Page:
For the past four years, Surfshark, a cybersecurity company, has conducted surveys that evaluate the digital quality of life (DQL) obtainable by citizens across the globe. In its latest report that evaluated 117 countries—92% of the world’s population—Nigeria ranked seventh in Africa and 86th in the world regarding the digital well-being accessible to its citizens.
Surfshark evaluates countries based on five fundamental digital well-being pillars: internet quality, e-government, e-infrastructure, internet affordability, and e-security. While the African country fought its way to the 66th position in e-security, it did poorly in the internet affordability indicator, ranking 114th on a global scale. Other metrics such as e-infrastructure, e-government, and internet quality also saw Nigeria record low rankings at the 86th, 95th, and 99th positions, respectively.
Nigeria’s abysmal rating for internet affordability does not come as a surprise. Last year, the West African giant was reported to have the least affordable internet in the world. According to the Alliance for Affordable Internet (A4AI), the cost of 1GB should be capped at 2% of one’s monthly income, but that is far from the reality in Nigeria, a country with a minimum wage of ₦30,000 and an average rate of 1GB for ₦1,000.
To afford mobile internet, this report reveals that Nigerians—at 15 minutes of work per month—must work twice more than Kenyans and 183 times more than Israelis, who are enjoying the best digital quality of life globally.
Despite the low internet quality in the country, fixed broadband presently costs Nigerians an average of 36 hours and 13 minutes of working time every month. To cap this, inflation in Nigeria has been on the rise, further reducing the ability of Nigerians to afford internet services and creating a wider digital divide. Between last year and now, Nigerians must work an extra 13 minutes and 16 seconds to afford the same mobile internet service.
Admittedly, expensive internet is not just a Nigerian problem. In 2019, 57% of the world’s population could not afford more than 500 MB of mobile data in a month. Also, high internet costs seem consistent in Africa, with 1GB going for as high as $8 in Gabon and $2.78 in Nigeria, compared to $0.26 in India and $0.51 in Ukraine.
Perhaps, the consistency of low digital quality of life in Africa is why Nigeria, despite ranking low for most of the criteria used in the DQL assessment, is still able to feature in Africa’s top 10 as the seventh best country in the region with regard to digital well-being.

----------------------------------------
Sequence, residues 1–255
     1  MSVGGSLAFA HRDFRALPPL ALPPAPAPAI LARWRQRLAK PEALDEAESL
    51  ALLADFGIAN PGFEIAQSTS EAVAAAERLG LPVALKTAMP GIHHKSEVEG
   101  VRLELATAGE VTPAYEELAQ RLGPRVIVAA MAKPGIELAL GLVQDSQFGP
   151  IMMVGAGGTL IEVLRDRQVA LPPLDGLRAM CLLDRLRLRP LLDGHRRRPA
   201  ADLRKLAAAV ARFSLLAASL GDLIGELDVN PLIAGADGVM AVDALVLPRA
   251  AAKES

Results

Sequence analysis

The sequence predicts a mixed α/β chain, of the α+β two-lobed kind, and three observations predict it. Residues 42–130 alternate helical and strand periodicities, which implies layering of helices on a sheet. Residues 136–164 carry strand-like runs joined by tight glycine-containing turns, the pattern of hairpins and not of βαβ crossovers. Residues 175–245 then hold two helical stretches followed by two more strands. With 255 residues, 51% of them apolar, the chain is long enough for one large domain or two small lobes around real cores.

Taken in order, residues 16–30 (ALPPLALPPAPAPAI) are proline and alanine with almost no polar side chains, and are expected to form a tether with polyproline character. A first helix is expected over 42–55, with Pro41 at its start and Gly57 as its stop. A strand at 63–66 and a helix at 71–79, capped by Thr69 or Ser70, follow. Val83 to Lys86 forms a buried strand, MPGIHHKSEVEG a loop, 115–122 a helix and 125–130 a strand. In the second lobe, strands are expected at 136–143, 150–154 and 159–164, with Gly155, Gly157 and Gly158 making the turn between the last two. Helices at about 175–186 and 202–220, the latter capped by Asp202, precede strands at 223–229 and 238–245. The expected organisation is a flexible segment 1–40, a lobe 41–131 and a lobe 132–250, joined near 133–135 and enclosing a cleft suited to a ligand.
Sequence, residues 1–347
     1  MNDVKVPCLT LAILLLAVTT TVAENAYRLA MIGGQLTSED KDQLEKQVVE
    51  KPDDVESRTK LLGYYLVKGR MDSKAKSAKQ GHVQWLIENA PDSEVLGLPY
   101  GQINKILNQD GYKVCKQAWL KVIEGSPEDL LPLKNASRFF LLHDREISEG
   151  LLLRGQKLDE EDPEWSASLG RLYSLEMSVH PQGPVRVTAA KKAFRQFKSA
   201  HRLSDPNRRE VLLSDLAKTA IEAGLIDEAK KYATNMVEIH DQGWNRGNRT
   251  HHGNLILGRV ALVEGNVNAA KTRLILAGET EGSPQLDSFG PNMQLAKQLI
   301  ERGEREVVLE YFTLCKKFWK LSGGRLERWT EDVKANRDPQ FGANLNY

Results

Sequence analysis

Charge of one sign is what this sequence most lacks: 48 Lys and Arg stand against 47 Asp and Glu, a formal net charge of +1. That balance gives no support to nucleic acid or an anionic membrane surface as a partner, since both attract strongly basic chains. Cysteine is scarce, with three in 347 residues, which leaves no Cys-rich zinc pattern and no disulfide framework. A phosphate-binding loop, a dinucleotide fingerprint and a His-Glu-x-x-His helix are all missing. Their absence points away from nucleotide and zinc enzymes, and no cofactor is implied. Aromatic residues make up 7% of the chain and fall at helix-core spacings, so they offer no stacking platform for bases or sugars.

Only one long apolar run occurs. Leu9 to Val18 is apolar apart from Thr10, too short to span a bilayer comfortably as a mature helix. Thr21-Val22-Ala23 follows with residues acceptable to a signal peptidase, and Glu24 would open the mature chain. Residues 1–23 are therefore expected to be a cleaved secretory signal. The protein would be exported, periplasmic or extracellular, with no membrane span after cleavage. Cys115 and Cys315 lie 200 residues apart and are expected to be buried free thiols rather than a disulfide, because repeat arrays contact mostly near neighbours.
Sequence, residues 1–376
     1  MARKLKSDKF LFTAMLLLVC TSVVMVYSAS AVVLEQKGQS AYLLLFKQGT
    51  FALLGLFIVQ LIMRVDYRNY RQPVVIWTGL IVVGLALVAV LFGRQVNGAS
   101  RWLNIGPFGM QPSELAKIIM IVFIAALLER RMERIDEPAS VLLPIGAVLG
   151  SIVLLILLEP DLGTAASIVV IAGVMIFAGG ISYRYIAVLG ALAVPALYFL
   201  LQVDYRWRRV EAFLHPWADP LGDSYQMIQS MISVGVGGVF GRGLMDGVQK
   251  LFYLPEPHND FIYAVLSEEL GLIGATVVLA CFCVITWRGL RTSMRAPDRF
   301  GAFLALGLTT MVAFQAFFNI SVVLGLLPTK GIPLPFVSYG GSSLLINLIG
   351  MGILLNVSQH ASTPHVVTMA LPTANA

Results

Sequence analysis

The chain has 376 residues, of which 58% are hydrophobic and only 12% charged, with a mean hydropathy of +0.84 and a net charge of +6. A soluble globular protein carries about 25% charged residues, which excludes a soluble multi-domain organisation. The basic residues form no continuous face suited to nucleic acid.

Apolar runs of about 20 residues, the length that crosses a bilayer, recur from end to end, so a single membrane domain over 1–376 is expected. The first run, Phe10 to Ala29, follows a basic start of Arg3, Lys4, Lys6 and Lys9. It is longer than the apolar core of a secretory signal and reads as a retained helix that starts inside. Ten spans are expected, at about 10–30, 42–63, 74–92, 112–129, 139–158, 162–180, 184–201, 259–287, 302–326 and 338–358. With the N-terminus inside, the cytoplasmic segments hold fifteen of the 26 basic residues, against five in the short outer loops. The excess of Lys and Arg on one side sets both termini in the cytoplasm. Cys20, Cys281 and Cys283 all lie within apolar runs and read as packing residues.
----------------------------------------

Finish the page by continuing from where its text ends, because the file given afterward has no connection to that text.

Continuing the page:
Towering at the number one position in Africa, with an internet speed that doubles that of Nigeria, is South Africa, which ranks 66th in the global index (from 64 last year). Kenya, the East African digital epicentre which ranks fifth in the continent, interestingly has a 5% slower mobile internet speed when compared to Nigeria. Northern African countries collectively ranked high on Africa’s top 10, with Mauritius, Morocco, Tunisia, Egypt, and Algeria ranking second, third, fourth, fifth, and ninth, respectively. Ghana and Senegal, ranking eighth and 10th, joined Nigeria as the top West African countries in the report.
Compared to its 86th ranking in 2021, Nigeria notably dropped by four points in the 2022 DQL report. This is noteworthy, seeing that since last year, mobile internet in the country has improved by 10.8% (2.5 Mbps), and fixed broadband speed has grown by 15.9% (2.6 Mbps). However, improved internet speed can do little when users’ overall internet experience is unsatisfying. To assess overall internet quality, Surfshark combined internet speed metrics with internet stability and growth. This overall indicator is where Nigeria ranked 99th in the world, 26% worse than the global average.
Overall, of all 117 countries surveyed, three African countries, Ethiopia, Mozambique, and Cameroon landed the bottom positions as the worst countries to live in, going by the digital quality of life. On the other hand, Israel, edging Denmark to second from its two-year lead, was followed by Germany as the best country to live in with respect to digital well-being.
“While countries with a strong digital quality of life tend to be those of advanced economies, our global study found that money doesn’t always buy digital happiness,” explained Gabriele Racaityte-Krasauske, head of PR at Surfshark.
“That is why, for the fourth year in a row, we continue analysing the digital quality of life to see how different nations keep up with providing the basic digital necessities for their citizens. Most importantly, our research seeks to show the full picture of the global digital divide that millions of people are suffering from,” he added in a statement shared with TechCabal.
Globally, internet costs have gotten higher, but Africans seem to have it worse, as they have to work longer for internet connections that are generally poor compared to global standards. In some countries, such as Cote d’Ivoire and Uganda, people work an average of two weeks to earn the cheapest fixed broadband internet package. This trend arguably gives context to the low internet penetration in the continent, especially as internet is a secondary need for most Africans.